Take that times three (father, mother, and even some grandparents….). 82,000 voters that will not vote for FIdesz for sure.
    How about the current elementary or grade nine and ten who were planning on entering university, those parents will not vote for Fidesz. So take that number and keep multiplying. Obviously there will be some exceptions, as Orban made many faithful party members rich, and couple of thousand Euros are peanuts to them compared to how much money would they loose if Fidesz does not make it in 2014.

  2. I am thinking how promising it is that the students also, similarly to many other people before who were the target of OV’s revolution, are trying to keep themselves away from opposition politicians, apparently any. Even if their slogans are now directed to OV’s regime more generally, the protests do not appear to have a proper addressee. OV may or may not fulfil some of their demands. And then? If it is not allowed to escalate it into a proper political conflict, where alliances have to be forged in order to achieve some of the goals, these protests will in the end produce mainly a large number of people who are “disappointed” by politics and the politicians. Even if it was them who chose an “apolitical” approach (one where you do not get dirty by forging alliances) in the first place! What has to be understood is that although it may appear to them that their demands are only too reasonable and therefore everybody MUST understand their demands, they are political – in the sense that it is their interest (and potentially not the interest of e.g. some farmers or pensioners) for which it is necessary to organise adequate support. The banners are fine and I do very much like how courageous these students are, but for these protests to be a success, cooperation with some politicians of the opposition will be necessary.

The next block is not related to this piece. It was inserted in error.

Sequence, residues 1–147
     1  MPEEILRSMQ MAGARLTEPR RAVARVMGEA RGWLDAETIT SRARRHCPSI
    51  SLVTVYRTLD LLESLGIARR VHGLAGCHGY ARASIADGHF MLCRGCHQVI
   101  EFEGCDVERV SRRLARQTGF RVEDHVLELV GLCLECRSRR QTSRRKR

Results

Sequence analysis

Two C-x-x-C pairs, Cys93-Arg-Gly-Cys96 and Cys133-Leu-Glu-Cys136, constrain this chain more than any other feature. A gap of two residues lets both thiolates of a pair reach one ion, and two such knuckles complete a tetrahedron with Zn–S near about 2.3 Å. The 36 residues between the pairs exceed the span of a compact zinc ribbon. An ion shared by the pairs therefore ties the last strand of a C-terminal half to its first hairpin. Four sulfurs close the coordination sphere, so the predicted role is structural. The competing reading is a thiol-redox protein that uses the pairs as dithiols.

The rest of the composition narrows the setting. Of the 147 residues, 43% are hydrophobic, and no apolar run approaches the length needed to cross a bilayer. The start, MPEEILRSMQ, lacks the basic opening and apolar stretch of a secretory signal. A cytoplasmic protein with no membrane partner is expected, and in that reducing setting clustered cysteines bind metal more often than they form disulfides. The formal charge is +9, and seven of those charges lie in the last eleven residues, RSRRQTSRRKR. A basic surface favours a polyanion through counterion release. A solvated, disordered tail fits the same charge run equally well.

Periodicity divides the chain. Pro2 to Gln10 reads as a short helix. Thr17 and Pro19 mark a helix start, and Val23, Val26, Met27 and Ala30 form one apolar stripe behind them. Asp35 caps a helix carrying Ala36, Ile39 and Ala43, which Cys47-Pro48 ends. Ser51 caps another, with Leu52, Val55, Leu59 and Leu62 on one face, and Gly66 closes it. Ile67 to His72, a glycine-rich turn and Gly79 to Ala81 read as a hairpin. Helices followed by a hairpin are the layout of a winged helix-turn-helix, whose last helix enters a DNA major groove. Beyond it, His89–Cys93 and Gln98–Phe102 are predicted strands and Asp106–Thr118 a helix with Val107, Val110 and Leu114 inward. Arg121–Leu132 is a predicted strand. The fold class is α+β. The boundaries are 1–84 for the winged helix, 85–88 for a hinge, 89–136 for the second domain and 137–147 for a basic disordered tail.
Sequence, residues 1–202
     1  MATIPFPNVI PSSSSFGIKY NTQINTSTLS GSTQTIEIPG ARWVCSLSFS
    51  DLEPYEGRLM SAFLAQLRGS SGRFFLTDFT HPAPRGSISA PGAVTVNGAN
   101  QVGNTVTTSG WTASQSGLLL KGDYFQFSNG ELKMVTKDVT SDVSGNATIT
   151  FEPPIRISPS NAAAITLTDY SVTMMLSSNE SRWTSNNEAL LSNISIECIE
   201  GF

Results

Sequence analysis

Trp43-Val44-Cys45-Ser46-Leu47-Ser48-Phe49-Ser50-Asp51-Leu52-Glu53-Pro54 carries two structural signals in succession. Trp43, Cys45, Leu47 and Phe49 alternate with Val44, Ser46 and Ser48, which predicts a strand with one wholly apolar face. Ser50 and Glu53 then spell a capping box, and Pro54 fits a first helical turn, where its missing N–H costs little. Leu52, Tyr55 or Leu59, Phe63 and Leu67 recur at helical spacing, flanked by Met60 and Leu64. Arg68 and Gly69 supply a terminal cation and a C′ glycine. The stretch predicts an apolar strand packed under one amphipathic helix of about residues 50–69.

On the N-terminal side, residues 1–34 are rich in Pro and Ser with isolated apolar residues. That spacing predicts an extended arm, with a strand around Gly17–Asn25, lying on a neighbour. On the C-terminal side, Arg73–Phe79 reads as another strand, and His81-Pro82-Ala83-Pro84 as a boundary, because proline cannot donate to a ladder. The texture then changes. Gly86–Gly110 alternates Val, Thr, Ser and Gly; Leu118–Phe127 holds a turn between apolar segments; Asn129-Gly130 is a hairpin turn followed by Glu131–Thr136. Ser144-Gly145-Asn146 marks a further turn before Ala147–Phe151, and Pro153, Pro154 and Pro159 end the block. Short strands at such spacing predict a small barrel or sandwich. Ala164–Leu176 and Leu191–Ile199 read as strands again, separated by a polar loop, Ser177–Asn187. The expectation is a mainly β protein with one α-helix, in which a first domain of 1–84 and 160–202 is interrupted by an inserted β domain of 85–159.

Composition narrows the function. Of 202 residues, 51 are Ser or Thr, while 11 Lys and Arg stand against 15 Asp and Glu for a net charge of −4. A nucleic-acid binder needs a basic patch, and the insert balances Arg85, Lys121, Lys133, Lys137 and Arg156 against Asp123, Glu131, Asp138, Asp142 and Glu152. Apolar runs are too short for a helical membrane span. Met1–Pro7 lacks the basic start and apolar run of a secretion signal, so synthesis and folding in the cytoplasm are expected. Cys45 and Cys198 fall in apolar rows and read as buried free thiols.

3. Kirsten :

    IThe banners are fine and I do very much like how courageous these students are, but for these protests to be a success, cooperation with some politicians of the opposition will be necessary.